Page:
Until the beginning of the sixteenth century, navigators had scant need to fix their precise position by latitude and longitude. Voyages were short and principally followed the coast; ships were rarely out of sight of land for more than a few hours’ time. As voyaging increased into the uncharted regions of the open ocean, the navigator had to know his exact position at sea, and, its corollary, be able to return whence he started in order to bring back information about his discoveries. The most basic method used by the navigator to plot the course on a chart is called “deduced” (or “dead”) reckoning. Continuous records were made of the direction traveled, provided by the magnetic compass, and distance as the result of time elapsed the time elapsed (measured by a sand-glass) multiplied by speed. The course was calculated hourly. When conditions were right for taking celestial sightings, the dead reckoning course was updated and corrected. Another method is known as “latitude sailing” or “running down your easting (or westing).” Once the navigator reached a desired latitude, which he determined by sightings of a celestial body (Sun or the Pole Star), he maintained his course on that latitude by sailing due east or west. This method required no elaborate tables of declination or complex mathematical calculations; all that was needed was to keep that celestial body at the same declination, its angular height above the horizon. Latitude sailing enabled the mariner to reach his objective without having to know the longitude–it was only necessary to keep sailing at the same latitude until the destination was reached. Christopher Columbus practiced latitude sailing on his 1492-1493 voyage, as did Vasco da Gama when he rounded Cape of Good Hope and reached Calicut, India in 1498. Celestial navigation–determining one’s position from observations of the sun or stars–provided greater flexibility. To the end of the fifteenth century, the celestial body most often used was Polaris, the North Star, for this was the easiest to use and required no tables of declination. At first, only the meridian altitude of Polaris was used–that point when it reached its zenith in the sky. Later, navigators were able to use Polaris at any time of the night without having to wait for it to reach its zenith. By the end of the fifteenth century, mariners could determine their latitude position from the sun as well as from the stars. And finally, with the development of the marine chronometer in 1761, navigators could also determine longitude. With a grid pattern to mark their position on the surface of the earth, and the means to plot a course, mariners confidently moved across the trackless, open ocean.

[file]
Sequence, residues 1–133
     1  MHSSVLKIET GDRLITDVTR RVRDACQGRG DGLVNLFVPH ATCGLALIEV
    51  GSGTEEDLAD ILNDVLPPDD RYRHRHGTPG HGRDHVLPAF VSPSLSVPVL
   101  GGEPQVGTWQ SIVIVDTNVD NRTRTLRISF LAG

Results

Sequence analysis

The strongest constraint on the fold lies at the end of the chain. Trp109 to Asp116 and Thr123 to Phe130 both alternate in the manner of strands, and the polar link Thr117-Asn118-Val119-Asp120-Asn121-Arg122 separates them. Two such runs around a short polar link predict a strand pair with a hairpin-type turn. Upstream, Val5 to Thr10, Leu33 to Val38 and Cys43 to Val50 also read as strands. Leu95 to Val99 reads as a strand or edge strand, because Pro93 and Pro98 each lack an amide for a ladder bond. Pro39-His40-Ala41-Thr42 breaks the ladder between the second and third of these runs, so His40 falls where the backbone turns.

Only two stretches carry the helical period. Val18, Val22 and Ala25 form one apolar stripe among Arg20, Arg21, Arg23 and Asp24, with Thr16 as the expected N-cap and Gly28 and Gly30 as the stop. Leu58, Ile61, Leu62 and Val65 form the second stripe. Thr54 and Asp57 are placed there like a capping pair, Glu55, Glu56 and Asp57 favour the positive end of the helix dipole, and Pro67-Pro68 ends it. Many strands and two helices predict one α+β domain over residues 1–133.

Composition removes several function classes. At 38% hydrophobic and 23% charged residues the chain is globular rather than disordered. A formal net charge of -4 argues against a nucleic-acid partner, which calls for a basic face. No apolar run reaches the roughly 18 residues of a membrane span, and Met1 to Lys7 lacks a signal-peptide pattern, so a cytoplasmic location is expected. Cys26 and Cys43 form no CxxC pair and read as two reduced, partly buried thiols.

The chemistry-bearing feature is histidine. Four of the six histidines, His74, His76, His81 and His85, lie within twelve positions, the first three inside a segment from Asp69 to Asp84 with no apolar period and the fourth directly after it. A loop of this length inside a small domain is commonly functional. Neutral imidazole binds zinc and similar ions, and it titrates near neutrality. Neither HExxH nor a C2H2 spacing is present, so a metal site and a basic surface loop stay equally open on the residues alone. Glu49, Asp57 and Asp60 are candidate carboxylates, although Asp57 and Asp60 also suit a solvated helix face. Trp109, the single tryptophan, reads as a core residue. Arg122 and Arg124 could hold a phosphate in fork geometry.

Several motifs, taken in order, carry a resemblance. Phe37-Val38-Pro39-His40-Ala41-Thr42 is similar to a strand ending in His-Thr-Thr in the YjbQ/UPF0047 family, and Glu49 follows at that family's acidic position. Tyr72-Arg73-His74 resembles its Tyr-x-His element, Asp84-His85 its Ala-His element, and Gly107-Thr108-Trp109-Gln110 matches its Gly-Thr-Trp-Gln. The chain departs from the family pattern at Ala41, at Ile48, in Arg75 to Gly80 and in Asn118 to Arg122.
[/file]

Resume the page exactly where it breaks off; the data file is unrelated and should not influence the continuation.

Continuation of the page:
By the fourteenth century, the eight primary points of the compass were sub-divided into sixteen and then thirty-two points; each point equally spaced at 11°15'. By the end of the sixteenth century, compass cards carried a dual system of points and degrees. Any good sailor could "box the compass," giving the name of each point in turn: north, north by east, north northeast, northeast by north, etc., until all thirty-two points were covered. This arrangement of compass points remained until the first half of the twentieth century when it was replaced with the degrees of a circle.